EXCERPT: Untamed by Hope Tarr

Posted by: Hope Tarr

“Runaway Bride” meets Shakespeare’s “The Taming of the Shrew”

in Hope Tarr’s UNTAMED

Book #3 of Hope’s Men of Roxbury House” Trilogy

Covent Garden Opera House

February 1890


Keeping Lady Katherine in his sights, Rourke shouldered his way through the throng.  From the pit, the orchestra struck up a waltz.  He smiled.  The dance had three features to recommend it to a tangle-toed clod such as him: it required moving in step with only one other person, its tempo was slow, and it afforded a man the chance to lay actual hands upon a woman in public without being slapped.

Approaching his quarry, he ran his gaze over the competition, assessing his most likely point of entry.  Of the six men assembled, he recognized two by name.  The tall, lanky blond was Henry, Lord Dutton, and his porcine and prematurely balding young friend was Sir Cecil Wesley.  The latter’s slouch betrayed him as the weak link.

Aware of Lady Katherine watching him, Rourke summoned a sunny smile.  “Good evening, gentlemen, milady.  I trust there are no objections to my joining you?”  Without awaiting an answer, he clapped Wesley on the shoulder.  Fingers sinking into the young baronet’s sponginess, he moved him aside and stepped forward, thrusting himself dead center into the circle.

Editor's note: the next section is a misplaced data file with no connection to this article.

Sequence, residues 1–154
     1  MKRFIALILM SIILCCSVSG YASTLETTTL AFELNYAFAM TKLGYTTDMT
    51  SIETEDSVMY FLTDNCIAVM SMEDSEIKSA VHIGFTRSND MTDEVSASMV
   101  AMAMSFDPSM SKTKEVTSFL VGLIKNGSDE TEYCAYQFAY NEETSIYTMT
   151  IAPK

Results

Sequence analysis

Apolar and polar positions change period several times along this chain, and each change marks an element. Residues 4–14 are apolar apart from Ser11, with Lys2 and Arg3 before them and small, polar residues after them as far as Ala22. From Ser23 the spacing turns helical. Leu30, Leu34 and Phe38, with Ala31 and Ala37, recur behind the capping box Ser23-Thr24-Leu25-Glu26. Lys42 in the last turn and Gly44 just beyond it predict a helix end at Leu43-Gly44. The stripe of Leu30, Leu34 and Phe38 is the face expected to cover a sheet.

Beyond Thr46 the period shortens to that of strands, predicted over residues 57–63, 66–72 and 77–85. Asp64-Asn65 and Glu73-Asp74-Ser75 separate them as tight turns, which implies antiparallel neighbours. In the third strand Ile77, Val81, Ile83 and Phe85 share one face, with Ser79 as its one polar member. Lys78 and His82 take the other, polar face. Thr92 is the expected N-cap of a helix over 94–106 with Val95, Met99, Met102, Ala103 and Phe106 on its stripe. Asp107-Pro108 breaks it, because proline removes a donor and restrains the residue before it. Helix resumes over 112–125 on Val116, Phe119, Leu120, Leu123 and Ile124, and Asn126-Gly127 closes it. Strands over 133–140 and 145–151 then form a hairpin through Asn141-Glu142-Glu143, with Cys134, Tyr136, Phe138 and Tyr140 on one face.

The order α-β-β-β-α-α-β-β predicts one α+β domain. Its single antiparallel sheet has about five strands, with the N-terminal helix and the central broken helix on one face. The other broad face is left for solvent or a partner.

He made Lady Katherine what he hoped was a serviceable bow.  “Lady Katherine.”  Straightening, he caught a whiff of her scent, orange blossoms and some other fresh but as yet unidentified fragrance that had him thinking of sunshine and balmy spring breezes.  Ignoring his rivals’ furious faces, he honed his gaze on her coolly curious brown eyes.  “I’ve come to claim my dance, milady.”  I’ve come to claim you.

For a few seconds, her aloof mask slipped, and he caught a flicker of surprise in her eyes, the pupils widening ever so slightly.  She hesitated, glancing down at the arm he extended.  “Yes, I do believe this dance is promised to you.”